The theme last year was ‘home made’ or ‘charity shop bought’. I made a selection of jams for my boss and she loved them! So when this years theme was decided as ‘red white and gold’ I was determined to make something once again.

As soon as I plucked Ness out of the hat, I knew what I was going to make for her. She recently moved house this year, and was really excited to have a garden for the first time. ‘I will be needing a peg bag and everything’, she said! I had been meaning to make one ever since she came out with that so this was the perfect prompt. She also likes all things 50s, including my blouse so the Norman Hartnell approach to the peg bag was the only way forward!

The two little white buttons with gold bicycles were sourced by Little Miss Ooobop! at a vintage fair last year and have seemingly been waiting patiently for this project!

peg bag buttons

To make the pattern, I drew a template for the back, overall shape and cut 2, one in pin dot and one lining. The front pieces are literally half of the back but allowing a couple of centimeters at the front for overlap.

I used one of my daughter’s child sized Ikea hangers. If I made this again, I would source a lovely wooden hanger so the shoulders are more horizontal and not sloping down.

She was delighted! Though the other partygoers at the opposite end of the table were a little confused. Not sure those young pups even know what a peg bag is! They just thought I’d miscalculated some measurements!

secret santa success

It was hardly a secret though. I was one of two seamstresses at the table and my poker face was rubbish!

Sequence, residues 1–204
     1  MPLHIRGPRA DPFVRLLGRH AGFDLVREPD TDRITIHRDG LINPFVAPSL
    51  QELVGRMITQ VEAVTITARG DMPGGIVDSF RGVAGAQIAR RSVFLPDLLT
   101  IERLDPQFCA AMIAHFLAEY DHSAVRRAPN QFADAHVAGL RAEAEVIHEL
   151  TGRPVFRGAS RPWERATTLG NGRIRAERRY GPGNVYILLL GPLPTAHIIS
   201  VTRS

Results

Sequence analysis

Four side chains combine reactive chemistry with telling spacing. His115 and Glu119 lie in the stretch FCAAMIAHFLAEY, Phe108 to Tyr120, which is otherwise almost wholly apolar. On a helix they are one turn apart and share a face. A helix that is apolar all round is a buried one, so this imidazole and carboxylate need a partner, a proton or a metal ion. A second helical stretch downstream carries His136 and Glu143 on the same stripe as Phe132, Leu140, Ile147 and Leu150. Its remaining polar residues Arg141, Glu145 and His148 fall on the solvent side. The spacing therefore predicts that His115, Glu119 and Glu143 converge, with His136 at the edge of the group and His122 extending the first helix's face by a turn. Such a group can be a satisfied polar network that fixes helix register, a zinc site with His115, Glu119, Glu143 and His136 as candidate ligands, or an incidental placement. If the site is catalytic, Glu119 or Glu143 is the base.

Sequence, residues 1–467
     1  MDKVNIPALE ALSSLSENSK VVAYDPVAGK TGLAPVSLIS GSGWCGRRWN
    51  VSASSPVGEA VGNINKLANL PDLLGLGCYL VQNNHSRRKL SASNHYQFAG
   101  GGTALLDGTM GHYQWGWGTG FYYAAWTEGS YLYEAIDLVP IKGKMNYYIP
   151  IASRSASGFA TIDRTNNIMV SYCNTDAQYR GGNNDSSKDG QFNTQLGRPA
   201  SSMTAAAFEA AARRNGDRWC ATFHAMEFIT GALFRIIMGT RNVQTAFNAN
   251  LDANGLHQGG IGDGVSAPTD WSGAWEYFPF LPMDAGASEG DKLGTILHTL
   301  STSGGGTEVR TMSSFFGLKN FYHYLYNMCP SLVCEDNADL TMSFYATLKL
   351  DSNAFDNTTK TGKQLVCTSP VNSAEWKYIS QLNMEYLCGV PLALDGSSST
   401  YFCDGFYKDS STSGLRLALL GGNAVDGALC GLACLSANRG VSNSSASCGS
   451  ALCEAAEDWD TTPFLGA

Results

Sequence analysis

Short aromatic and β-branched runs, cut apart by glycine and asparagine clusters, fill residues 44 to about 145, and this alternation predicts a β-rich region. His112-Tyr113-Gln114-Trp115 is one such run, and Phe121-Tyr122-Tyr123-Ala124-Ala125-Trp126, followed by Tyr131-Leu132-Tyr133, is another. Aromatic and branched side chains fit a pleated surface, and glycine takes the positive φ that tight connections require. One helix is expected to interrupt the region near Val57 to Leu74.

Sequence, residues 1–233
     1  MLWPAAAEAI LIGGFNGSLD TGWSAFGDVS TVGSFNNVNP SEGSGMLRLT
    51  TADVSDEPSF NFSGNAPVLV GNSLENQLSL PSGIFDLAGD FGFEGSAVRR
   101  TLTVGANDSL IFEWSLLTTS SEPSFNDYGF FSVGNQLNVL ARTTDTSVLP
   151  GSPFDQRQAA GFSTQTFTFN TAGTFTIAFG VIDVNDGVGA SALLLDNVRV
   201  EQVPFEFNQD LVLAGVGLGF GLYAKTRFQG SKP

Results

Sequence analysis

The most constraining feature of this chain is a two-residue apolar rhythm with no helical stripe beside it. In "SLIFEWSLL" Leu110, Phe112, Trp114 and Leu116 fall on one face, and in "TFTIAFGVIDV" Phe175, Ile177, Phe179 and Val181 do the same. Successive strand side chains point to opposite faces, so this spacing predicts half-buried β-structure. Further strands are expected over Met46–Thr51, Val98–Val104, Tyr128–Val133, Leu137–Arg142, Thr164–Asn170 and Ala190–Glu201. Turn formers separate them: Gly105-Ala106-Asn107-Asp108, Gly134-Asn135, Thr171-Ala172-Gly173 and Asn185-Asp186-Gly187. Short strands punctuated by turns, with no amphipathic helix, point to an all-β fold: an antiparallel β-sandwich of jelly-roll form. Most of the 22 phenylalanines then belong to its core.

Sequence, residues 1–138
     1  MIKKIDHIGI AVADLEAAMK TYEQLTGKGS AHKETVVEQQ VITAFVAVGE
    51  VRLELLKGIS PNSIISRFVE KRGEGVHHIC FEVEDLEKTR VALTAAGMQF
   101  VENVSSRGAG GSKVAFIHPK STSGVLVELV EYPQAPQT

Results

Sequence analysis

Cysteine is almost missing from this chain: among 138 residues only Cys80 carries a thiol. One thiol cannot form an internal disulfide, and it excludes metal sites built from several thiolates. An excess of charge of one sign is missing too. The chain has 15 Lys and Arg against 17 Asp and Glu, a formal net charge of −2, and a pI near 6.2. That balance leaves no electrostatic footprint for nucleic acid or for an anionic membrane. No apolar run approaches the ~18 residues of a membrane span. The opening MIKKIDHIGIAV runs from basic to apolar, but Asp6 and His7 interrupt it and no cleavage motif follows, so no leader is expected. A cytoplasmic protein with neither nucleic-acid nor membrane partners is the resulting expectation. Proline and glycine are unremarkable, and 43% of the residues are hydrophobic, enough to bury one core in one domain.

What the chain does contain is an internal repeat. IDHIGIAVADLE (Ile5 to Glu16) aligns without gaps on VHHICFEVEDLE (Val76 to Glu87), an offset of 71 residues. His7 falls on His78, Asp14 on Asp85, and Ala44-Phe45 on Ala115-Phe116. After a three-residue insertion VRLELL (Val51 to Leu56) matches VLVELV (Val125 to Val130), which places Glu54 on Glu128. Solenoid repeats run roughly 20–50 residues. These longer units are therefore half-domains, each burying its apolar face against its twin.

I’m winding down from work as from tomorrow – *squeal* – and I’m really hoping to get some sewing action in before I return. Hoping it will curb my usual Christmassy eating frenzy.  Of course, that’s if 21.12.12 doesn’t prove to be the end of the world in which case we will all be eating hats!

A cape for Poison Ivy

poison ivy front

Meet my biggest little girl! Hardly a villain but seriously rocking the whole Poison Ivy thing!

It’s not often I get asked to contribute to her wardrobe. It is in fact never! So I was very honoured by the request to make a capelet for her Halloween costume. Yes I know this is a bit late in the day, soz, but I wasn’t allowed a sneak preview on the day (something to do with me being an embarrassing mum at her last party I would think!) and had to wait patiently for photographic evidence so I could share it with you.

poison ivy back

It was a very fun and quick project and even ‘biggest little’ was impressed! If you knew her like I do you would know how amazing that is!

poison ivy

Here’s a better picture of the stand-up collar. You cant see it for all the red luscious locks!

cape on manequin

The exterior is a bright green poly satin fabric with red satin lining and I used some glitzy buttons at the neck to cover the ends of the ribbon. Should have sewn them in the collar stand really!

It was a very simple project for quite an effective fancy dress accessory…

First I measured the neck (plus ease) and the measurement from the neck, over the shoulder to just below the elbow. Using Pi (22/7) I worked out the radius to draw the neck hole and from that circumference I could mark the length of the capelet and draw the circumference at the hem (plus SA)

circumference formula

Have you ever wondered what that little hole is for at the end of your tape measure? Well I sure have found a use. If you position and hold down the tape measure at the distance required, on the centre point, or corner of your paper, you can put the point of a pencil in the hole at the other end and draw the arc of the circle. Its not as accurate as a compass but I don’t have a set of compasses that large and this method was good enough!

draft circle

I folded the fabric into quarters and pinned the pattern, making sure it was butted to both adjacent sides.

folded fabric

pinned patternI did the same with the lining and cut out. This is not my favourite fabric to work with, I hasten to add!

cape liningNext up, I pinned the self to the lining, right sides together, using lots and lots of pins. I am telling you, this is soooo not my favourite fabric to work with. It slipped and slid all over the place!